CANADA FX DEBT-C$ hits 3-month peak on BoC, stimulus hopes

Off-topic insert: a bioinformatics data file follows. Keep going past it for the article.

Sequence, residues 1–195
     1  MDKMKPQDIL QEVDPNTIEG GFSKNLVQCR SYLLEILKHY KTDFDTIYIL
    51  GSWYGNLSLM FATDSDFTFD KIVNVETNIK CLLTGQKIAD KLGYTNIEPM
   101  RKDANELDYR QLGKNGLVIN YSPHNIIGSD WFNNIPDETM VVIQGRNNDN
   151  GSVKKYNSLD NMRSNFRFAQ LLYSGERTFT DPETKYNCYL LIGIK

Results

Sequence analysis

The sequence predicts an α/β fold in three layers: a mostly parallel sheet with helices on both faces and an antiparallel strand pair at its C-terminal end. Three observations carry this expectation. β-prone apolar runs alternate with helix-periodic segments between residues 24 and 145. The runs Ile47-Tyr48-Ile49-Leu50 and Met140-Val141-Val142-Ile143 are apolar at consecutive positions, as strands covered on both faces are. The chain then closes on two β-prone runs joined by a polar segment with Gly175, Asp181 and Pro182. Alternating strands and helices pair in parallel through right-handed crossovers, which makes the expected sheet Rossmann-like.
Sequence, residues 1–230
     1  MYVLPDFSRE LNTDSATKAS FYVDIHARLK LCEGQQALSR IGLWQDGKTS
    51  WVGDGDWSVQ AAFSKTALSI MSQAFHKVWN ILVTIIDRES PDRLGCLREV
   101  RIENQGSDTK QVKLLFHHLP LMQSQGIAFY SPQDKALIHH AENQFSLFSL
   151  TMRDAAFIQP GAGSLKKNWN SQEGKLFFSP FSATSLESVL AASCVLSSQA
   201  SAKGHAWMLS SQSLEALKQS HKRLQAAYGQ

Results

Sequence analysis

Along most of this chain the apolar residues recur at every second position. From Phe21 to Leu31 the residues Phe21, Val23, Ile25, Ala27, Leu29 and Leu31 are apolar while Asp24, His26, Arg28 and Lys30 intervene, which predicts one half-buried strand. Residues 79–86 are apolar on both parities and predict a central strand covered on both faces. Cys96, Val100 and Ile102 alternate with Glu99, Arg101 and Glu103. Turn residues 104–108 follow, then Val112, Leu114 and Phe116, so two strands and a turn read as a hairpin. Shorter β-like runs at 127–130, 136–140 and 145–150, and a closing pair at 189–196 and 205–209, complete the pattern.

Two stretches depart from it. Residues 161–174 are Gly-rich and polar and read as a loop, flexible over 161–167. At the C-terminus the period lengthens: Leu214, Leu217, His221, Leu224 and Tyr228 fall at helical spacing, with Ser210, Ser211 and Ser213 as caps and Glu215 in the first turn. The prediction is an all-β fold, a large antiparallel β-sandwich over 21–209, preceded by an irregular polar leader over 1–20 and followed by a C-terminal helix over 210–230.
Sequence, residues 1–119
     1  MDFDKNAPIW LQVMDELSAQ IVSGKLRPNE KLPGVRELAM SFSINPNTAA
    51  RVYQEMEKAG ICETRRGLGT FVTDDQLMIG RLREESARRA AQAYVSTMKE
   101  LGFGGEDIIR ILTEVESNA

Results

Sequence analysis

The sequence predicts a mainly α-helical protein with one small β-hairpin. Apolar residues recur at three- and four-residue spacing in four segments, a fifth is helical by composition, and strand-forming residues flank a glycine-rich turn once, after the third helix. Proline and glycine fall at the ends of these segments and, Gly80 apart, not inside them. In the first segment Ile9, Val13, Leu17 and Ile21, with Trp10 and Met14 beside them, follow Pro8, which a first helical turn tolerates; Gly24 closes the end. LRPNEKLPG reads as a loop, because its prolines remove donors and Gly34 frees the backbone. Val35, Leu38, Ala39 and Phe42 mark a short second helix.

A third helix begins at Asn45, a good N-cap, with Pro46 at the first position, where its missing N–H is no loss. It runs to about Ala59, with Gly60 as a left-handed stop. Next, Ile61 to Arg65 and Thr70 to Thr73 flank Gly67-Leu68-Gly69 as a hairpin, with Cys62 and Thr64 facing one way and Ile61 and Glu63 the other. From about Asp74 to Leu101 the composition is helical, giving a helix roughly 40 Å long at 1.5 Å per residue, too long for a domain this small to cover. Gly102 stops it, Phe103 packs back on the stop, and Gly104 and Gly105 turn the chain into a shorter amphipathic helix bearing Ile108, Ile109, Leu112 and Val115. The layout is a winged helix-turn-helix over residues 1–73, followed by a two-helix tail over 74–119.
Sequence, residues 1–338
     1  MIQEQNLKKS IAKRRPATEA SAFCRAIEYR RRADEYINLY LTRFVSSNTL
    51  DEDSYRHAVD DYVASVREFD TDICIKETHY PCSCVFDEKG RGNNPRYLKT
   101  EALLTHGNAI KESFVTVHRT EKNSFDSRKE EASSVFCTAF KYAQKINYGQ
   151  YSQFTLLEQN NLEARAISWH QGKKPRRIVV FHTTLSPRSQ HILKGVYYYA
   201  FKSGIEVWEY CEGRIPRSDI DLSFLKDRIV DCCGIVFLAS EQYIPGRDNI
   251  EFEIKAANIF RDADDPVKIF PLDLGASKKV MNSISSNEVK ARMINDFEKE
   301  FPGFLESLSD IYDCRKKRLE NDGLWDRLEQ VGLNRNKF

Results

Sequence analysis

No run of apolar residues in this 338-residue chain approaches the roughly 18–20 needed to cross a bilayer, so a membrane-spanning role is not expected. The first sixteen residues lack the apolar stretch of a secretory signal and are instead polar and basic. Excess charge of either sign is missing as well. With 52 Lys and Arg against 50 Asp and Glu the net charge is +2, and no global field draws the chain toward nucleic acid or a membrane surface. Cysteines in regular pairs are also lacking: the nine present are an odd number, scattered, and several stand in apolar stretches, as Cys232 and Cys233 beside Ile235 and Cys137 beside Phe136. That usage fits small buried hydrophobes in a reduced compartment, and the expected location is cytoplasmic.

* C$ hits high of C$0.9913 vs US$, or $1.0088 * Supported by expectation BoC will raise rates * Currency hits record against euro * Weak China data keeps stimulus hopes alive * Bond prices mostly lower By Jennifer Kwan TORONTO, Aug 9 (Reuters) - Canada's dollar climbed to a fresh three-month peak against its U.S. counterpart on Thursday, buoyed in part by comments from the Bank of Canada, and as broader markets rose on hopes some central banks will act to stimulate their economies. The Canadian currency touched C$0.9913 against the U.S. dollar, or $1.0088, its strongest since May 4 after Bank of Canada Governor Mark Carney on Wednesday argued the case for raising rates in an interview with the BBC in London, even though he said a global slowdown was having an impact on Canada's economy. Against the euro, the Canadian dollar rose to C$1.2165, or 82.20 euro cents, and hit multi-month highs against sterling and the yen. "It's mainly reminding the market that the Bank of Canada is not ready to cut and that the next move they have in mind is a hike," said Charles St-Arnaud, economist and currency strategist at Nomura Securities in New York. But St-Arnaud said that was just a part of the bigger picture. The currency has gotten a boost as foreigners favor Canadian assets as a safe-haven given the turbulent global economy. At around 1:10 p.m. EDT (1710 GMT), the Canadian dollar was at C$0.9922 versus the U.S. currency, or $1.0080, higher than Wednesday's close at C$0.9946 against the greenback, or $1.0054. U.S. stocks stayed near four-year highs and European shares nudged closer to their peak of the year on Thursday. A key catalyst for the move higher in global stocks appeared to be data from China that showed annual consumer inflation hit a 30-month low last month and industrial output grew at it slowest pace in some three years, keeping alive hopes that policymakers would take more action to keep China's growth on track. Stock markets around the world rose on Friday after U.S. jobs data eased concerns about global growth but supported hopes of further policy easing by the Federal Reserve. Last week's signal by European Central Bank President Mario Draghi that it may ease borrowing costs for Spain and Italy provided further optimism. ECB governing council member Christian Noyer said on Thursday the central bank is determined to bring down those borrowing costs and should be ready to intervene decisively in bond markets very soon. "The general theme seems to be in place for the market expecting central bank action out of the ECB and the Fed," said John Curran, senior vice president at CanadianForex. GlOBAL INFLUENCES IN FOCUS The broader market influences overcame domestic data. Canada's trade deficit unexpectedly soared to C$1.81 billion in June as imports hit a record high while exports barely edged up, Statistics Canada data showed on Thursday. The data confirm that Canada, which relies heavily on trade, is suffering as Europe's economic crisis shows no sign of ending. Canadian housing starts also slowed more sharply than expected last month. The seasonally adjusted annualized rate was 208,500 units in July, compared with 222,100 units in June, data from the Canada Mortgage and Housing Corp showed on Thursday. Jeremy Stretch, head of foreign exchange strategy for CIBC in London, said the currency would likely stay within a narrow range, between C$0.9920 to C$0.9970. "The fact that we haven't seen the Canadian dollar getting down towards C$0.99 is more of a function of the broader risk dynamics supporting the U.S. side of the equation," said Stretch. Canadian bond prices were mostly lower. The two-year bond fell 3 Canadian cents to yield 1.177 percent, and the benchmark 10-year bond fell 3 Canadian cents to yield 1.820 percent.
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